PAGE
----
What A Traditional Publisher Does

Young female is writing notes and planning her schedule.

Self-publishing is not a means to an end, despite what you may think.

In fact, it is easier to see success as a self-publisher than it is with a formal distributor, or at the least: equal in pros and cons. So what is the basis behind such a theory? Experience. At one point, I was up for a traditional publisher deal, but I did not take it after I read over the contract. What I found was stipulation, at best.

I was not only losing my work on a creative level; I was also losing royalty rates, and the ability to see my book in stores was no better nor worse than if I were to do it myself. The difference, I guess, was the fact that finding traditional publishing is not only hard (it is actually near impossible) but also does not guarantee a damned thing. Here is why.

 

A typewritter and the words, "My story."

The Lesser of Two Evils

A traditional publisher takes your manuscript, reviews it, and if they like it enough (among the thousands of other manuscripts submitted every month, or possibly every year) they will toss a rather greedy, unstructured contract asking you to 1) give up every ounce of creative control you have over your book, and 2) to accept that your royalty rates may drop to around 10 percent per sale (charging $9.99 a copy? Expect about a dollar or so that actually goes into your pocket).

Losing An Important Sense Of Control

     In congruence with the latter, you won’t get to choose the price either.

They always forget to tell you that you will be in control of marketing your novel (just like if you self-published); you will be in control of getting it into stores (just like if you self-published); and you will do all of the latter without much help from them. Their job is to place a company title on your book, hoping that simply by having it published through them will raise your perceived value. But that is not a key marketing strategy, and does not help you much unless you sell.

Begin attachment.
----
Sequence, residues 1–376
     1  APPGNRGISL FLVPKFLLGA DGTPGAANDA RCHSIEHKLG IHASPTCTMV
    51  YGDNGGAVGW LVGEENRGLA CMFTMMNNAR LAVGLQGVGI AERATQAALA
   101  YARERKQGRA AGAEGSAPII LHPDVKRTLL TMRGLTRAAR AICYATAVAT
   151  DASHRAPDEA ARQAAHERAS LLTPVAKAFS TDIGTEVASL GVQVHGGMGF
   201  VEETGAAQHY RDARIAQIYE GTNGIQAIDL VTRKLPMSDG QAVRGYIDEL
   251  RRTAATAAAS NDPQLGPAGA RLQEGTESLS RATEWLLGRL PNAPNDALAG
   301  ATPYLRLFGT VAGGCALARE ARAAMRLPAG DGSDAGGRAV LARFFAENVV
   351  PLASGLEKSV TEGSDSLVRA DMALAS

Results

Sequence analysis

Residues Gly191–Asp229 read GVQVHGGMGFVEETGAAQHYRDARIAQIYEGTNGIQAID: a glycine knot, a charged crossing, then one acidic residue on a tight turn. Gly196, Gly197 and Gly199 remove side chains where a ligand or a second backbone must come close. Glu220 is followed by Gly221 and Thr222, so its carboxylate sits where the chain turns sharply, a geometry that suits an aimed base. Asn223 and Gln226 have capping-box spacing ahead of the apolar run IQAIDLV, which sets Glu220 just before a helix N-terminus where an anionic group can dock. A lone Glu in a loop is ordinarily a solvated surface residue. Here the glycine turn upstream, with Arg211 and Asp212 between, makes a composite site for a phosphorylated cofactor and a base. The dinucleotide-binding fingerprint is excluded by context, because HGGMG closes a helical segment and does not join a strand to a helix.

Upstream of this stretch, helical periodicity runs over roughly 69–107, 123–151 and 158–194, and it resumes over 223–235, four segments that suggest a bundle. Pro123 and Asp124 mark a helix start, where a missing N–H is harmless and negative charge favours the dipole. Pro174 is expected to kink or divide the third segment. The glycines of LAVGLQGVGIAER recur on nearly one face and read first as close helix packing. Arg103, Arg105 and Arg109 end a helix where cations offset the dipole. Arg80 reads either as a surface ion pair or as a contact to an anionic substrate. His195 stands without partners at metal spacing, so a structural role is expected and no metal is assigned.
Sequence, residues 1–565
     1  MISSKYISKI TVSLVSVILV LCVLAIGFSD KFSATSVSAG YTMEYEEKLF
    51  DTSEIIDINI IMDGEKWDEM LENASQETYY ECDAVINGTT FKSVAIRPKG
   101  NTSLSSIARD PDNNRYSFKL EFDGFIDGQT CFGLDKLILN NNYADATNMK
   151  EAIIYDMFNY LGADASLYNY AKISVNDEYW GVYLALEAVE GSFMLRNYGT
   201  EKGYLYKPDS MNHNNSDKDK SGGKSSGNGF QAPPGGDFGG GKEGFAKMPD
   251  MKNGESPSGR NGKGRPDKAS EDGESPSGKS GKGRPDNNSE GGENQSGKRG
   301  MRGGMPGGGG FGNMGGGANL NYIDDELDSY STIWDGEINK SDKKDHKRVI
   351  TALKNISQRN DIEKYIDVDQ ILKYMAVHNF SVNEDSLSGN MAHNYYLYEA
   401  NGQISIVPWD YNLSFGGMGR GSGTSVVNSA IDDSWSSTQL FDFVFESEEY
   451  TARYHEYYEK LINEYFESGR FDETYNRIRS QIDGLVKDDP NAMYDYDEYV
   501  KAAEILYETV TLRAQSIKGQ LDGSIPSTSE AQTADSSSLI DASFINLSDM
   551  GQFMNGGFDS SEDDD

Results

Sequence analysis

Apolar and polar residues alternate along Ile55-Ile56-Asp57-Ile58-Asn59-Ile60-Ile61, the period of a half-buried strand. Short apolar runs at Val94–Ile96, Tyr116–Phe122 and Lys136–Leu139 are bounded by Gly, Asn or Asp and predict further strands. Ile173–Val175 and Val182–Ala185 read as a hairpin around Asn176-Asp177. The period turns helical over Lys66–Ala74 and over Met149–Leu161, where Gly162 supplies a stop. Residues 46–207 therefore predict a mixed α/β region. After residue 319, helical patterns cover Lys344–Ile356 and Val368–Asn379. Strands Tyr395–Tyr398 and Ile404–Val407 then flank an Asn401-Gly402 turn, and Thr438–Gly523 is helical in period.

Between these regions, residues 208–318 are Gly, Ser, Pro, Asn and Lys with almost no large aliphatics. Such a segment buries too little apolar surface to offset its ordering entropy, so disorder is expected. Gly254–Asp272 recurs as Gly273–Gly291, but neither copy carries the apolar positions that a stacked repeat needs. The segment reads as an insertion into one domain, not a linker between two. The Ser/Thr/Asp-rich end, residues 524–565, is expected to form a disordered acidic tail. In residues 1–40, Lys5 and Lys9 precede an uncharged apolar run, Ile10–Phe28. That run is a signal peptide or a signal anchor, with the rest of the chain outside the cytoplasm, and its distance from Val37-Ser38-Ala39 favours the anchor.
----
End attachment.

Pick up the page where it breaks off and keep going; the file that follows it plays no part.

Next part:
And then they will care about you.

 

Letters and an ink pen.

Distribution Is Not Guaranteed

Ingram is a service (I prefer to just counterpoint them as a catalog) that most retailers use to decide what books to stock. The rate-of-sales (i.e. how many copies of a book have been sold) and the feedback provided gives stores like Barnes & Noble’s an idea of what books are selling, thereby leading them to stock them on the shelves within. The rate-of-sale and popularity of each novel dictates what books they stock.

Distributors (statistically-speaking) do not have any particular “say” in this. If you self-publish, you can submit to become part of the Ingram program, Distributors have no formal or supplementary control over how these books are ranked, though in all fairness they do have a better chance at landing shelf space. However, there is a paradox here. For one, store shelves do not dictate your chances at success.

You Are Not Guaranteed A Thing

It is speculated that 60 percent of sales come from bookstore shelf space.

But how does this make a traditional publisher any better than a well-rounded self-publisher? The answer is simple: not much whatsoever. If you want shelf space, you have to sell copies. In order to sell copies, you need creative control over your book. If you sign with a traditional publisher, that creative control disappears…

Think about that one for a while.

There Is A Solution

The solution is to simply self-publish. Though everybody seems to think that wasting their time with a traditional publisher will allow them a better marketing schemata. You will maintain control over your book, and you can locate a proper self-publisher to allow you the same thing a traditional publisher would: an opportunity to market your novel properly and on your own time.

We offer the solution and can get you on Amazon and Barnes & Noble’s website!

 

The logo for Circle 5 Publishing

Click here for the solution to your problems.

Author: Ryan W. McClellan

I am a Life Coach and Motivational Speaker, author of several books, and Key Journalist for LOL News.

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